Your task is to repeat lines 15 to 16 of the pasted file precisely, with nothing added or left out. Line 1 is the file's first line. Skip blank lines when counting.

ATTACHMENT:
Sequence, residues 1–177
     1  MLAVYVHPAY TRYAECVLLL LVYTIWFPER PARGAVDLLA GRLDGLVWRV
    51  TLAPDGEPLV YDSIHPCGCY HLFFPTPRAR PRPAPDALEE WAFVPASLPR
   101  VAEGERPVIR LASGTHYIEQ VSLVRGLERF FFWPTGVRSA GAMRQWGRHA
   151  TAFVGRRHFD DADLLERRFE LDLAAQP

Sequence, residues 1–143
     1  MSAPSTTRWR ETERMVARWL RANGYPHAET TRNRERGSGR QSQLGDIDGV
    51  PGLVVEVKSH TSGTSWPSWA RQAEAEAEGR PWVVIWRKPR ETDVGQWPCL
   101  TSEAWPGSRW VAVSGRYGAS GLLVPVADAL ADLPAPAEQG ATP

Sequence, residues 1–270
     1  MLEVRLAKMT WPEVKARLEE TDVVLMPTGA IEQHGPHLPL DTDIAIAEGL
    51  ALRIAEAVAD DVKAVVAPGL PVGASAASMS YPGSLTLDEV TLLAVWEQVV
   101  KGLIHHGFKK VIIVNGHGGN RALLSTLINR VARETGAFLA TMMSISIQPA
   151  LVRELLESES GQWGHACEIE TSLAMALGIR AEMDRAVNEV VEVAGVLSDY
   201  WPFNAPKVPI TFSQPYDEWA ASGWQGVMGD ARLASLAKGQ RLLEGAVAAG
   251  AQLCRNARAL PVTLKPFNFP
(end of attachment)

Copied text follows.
   201  WPFNAPKVPI TFSQPYDEWA ASGWQGVMGD ARLASLAKGQ RLLEGAVAAG
   251  AQLCRNARAL PVTLKPFNFP